Brian M. D'Onofrio of Indiana University, Bloomington, and colleagues analyzed medical and public records of some 2.6 million people born in Sweden from 1973 to 2001. They estimated the risk of psychiatric problems.
Sweden keeps detailed medical records so the father's age for each birth is noted and the researchers were able to track each child's medical history over time, as well as that of siblings and other relatives.
The study, published in the Journal of the American Medical Association Psychiatry, compared the mental health of siblings born to the same father and found a clear pattern of increased risk of mental illness with increasing paternal age.
Siblings born to fathers age 45 years and older were at higher risk for autism, attention deficit/hyperactivity disorder, psychosis, bipolar disorder, suicide attempts, substance abuse, failing a grade in school and low educational attainment compared with siblings born to fathers ages 20 to 24, the study found.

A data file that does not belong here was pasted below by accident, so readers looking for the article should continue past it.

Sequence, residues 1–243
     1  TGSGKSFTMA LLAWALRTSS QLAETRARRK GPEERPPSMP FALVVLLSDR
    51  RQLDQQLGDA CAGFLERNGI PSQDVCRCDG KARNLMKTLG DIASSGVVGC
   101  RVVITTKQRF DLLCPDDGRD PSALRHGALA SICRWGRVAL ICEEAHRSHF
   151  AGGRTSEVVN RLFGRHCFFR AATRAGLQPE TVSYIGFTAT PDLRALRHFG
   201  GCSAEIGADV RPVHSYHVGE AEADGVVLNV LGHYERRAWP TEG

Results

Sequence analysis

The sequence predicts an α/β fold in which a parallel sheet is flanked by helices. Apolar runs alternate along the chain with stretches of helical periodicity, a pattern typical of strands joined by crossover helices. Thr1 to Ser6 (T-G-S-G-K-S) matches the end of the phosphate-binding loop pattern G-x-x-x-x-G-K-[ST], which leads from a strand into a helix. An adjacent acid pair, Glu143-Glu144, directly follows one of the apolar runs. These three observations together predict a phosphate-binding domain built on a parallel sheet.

Compared with the children of the young fathers, ages 20 to 24, those born to men age 45 and older had about twice the risk of developing psychosis, more than three times the likelihood of receiving a diagnosis of autism, and about 13 times the chance of having a diagnosis of attention-deficit hyperactivity disorder, The New York Times reported.
Children of older fathers also tended to struggle more with school, fail grades and suffer from substance abuse, the study said.
The researchers said any increased risk due solely to paternal age is most likely a result of the accumulation of genetic mutations in sperm cells.
Previous research suggests older fathers at childbearing are associated with genetic mutations during the development of sperm, which may cause an increased risk of child psychiatric, intellectual and academic problems.
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